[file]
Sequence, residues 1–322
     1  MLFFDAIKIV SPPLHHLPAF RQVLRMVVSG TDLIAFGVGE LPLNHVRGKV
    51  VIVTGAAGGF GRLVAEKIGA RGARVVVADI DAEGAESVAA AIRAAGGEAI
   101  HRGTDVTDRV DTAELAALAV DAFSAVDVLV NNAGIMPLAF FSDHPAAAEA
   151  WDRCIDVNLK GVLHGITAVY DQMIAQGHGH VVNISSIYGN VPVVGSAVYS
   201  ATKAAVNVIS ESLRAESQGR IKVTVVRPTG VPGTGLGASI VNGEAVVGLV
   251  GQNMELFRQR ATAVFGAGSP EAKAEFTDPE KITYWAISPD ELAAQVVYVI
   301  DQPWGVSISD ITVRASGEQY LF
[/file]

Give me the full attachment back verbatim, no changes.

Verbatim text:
Sequence, residues 1–322
     1  MLFFDAIKIV SPPLHHLPAF RQVLRMVVSG TDLIAFGVGE LPLNHVRGKV
    51  VIVTGAAGGF GRLVAEKIGA RGARVVVADI DAEGAESVAA AIRAAGGEAI
   101  HRGTDVTDRV DTAELAALAV DAFSAVDVLV NNAGIMPLAF FSDHPAAAEA
   151  WDRCIDVNLK GVLHGITAVY DQMIAQGHGH VVNISSIYGN VPVVGSAVYS
   201  ATKAAVNVIS ESLRAESQGR IKVTVVRPTG VPGTGLGASI VNGEAVVGLV
   251  GQNMELFRQR ATAVFGAGSP EAKAEFTDPE KITYWAISPD ELAAQVVYVI
   301  DQPWGVSISD ITVRASGEQY LF